13 How do we restore habitat, without: high organic loads leading to carcinogenic by-products formed during drinking water treatment  carcinogen levels increase proportionally with organic matter content  natural wetlands have 5-10X more organic matter than Delta today  EPA STAGE 1 D/DBP RULE ON THE HORIZON bioaccumulating toxic metals that impact fish:  wetland chemistry promotes bioavailability of mercury and selenium Increasing salinity in municipal and agricultural supplies  2-5X increase in bromide renders chlorinated water undrinkable Promoting land subsidence The CALFED Restoration mission is to balance ecological, agricultural, and urban demands, but Carbon runoff from agricultural practices is a growing concern for water quality Restoration of Delta may have unwanted consequences for water quality

14 Wetland Forest Agricultural Grasses Historic Today Urban Organic-rich soils Wetland DOM is a precursor to disinfection byproducts in finished drinking water DOM likely originates from modern and historical sources Relative proportions of different sources will vary during water year The Dynamic Delta Landscape Presents Unique Challenges for Drinking Water Quality Banks Pumping Plant CO 2 DOC

15 Determination of Delta Island DOM Influence at Banks Can Isotopic fingerprinting determine if: Delta island peat is a significant source of C loading to the State Water Project? C inputs from Delta island peat vary through time depending on seasonal and hydrologic conditions?

16 Simple Conceptual Model for DOM Sources to the State Water Project Riverine DOMPeat-derived DOM State Water Project

17 Sampling and Analysis Monthly sampling:   Rivers   Ag drains Periodic sampling:   Urban runoff DOM Fractionation Measurements:   AMS carbon dating   C, N and S isotopes   SUVA   THMFP Water fingerprinting using DSM2 model Emphasis to date has been on DOM fractionation and radiocarbon measurements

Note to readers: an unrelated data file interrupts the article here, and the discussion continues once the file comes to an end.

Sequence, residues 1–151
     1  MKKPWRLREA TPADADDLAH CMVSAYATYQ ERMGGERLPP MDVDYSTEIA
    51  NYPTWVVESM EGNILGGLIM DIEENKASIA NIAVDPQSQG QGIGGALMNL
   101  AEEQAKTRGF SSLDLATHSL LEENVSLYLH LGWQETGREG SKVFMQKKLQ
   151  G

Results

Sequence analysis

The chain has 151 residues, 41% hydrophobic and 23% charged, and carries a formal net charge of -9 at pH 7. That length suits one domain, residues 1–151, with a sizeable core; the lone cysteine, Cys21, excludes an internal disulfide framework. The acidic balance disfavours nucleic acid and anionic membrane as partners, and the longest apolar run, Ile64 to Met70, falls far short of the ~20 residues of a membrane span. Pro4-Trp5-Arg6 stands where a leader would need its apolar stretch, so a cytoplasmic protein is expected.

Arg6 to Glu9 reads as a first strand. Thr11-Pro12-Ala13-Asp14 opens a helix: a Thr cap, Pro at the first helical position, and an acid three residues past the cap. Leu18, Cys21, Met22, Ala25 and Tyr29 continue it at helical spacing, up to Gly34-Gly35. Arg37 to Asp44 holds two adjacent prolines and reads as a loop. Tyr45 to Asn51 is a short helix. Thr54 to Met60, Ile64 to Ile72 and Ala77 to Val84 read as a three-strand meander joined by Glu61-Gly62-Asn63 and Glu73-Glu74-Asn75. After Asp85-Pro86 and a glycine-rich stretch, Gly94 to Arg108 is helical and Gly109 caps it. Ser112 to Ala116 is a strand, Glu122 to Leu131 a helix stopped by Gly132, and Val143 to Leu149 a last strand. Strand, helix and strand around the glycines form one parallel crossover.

18 DOM Fractionation Procedure After Aiken et al. (1992) Fractionation favors isolation of hydrophobic compounds (humics) which tend to be more refractory Longer environmental persistence of these hydrophobic compounds may correlate to radiocarbon age. Isolation Columns Combustion/Extraction isotopes measured

19 Fractionation Data

20 Radiocarbon Comparison of Surface DOM and Soil Organic Matter Accelerator Mass Spectrometry fraction modern carbon SourceDOCXAD-8 Sacramento R1.07, 1.10 San Joaquin R1.09, 1.10 Old R1.08, 1.53 Cache Cr0.89 Missouri R0.94-1.14 0.87-0.99 Mississippi R1.06-1.09 *Hudson R0.84-0.96 Others1.06-1.11 0.77-1.40 Delta Island Soil Organic Matter 0.38-0.89 from Davisson (2002) * from Raymond and Bauer (2000) 2.00 1.90 1.80 1.70 1.60 1.50 1.40 1.30 1.20 1.10 1.00 Fraction Modern Carbon (fmc) (Fraction Modern Carbon)

21 River XAD-8 Fractions Are Younger Than Ag Drain Water April-Oct 2003 Whole Water XAD 8

22 Calculated 14 C abundance in non-XAD-8 DOC fractions indicate old or possibly fossil carbon sources

23 Sac. River and Aqueduct 14 C abundance of XAD-8 fraction closely track each other Jones Tract Breach June 2003 Sac. RiverAqueduct

24 Simple Mass Balance Mixing Model Tends to Under- Predict 14 C abundance of XAD-8 DOC Fraction * Based on DSM2 daily mass flow estimates for all major Delta inflows *Input Flows Sac. River SJ River Ag Drains Other Streams linear mixing model

25 Implications from Simple Mass Balance Modeling Delta Island agricultural drainage has minimum influence on DOC at Banks Increasing flow contributions from eastside of Delta or San Joaquin River cannot account for 14 C discrepancy Modern-aged carbon is added to the XAD-8 fraction between Hood and Banks SUVA (L/mg-m)THMFP (µmol/mmol C) Sac. River2.13 7.45 Aqueduct2.83 9.08

26 For Sacramento and San Joaquin rivers, whole water DOM predominantly has lower radiocarbon content than corresponding XAD-8 fractions The non-XAD-8 portion of DOM in these river waters suggest old or fossil carbon inputs Sacramento River and San Joaquin River have younger XAD-8 fractions than Delta Island agricultural drain waters A conservative mixing model for DOM at Banks predicts older carbon than is observed for most samples thus far Results suggest young carbon is added between Hood and Banks, which may explain increases in SUVA and THMFP Conclusions

27 Funding provided by the CALFED Bay Delta Program, State Water Project Contractors and Department of Water Resources Acknowledgements Twitchell Island Banks Pumping Plant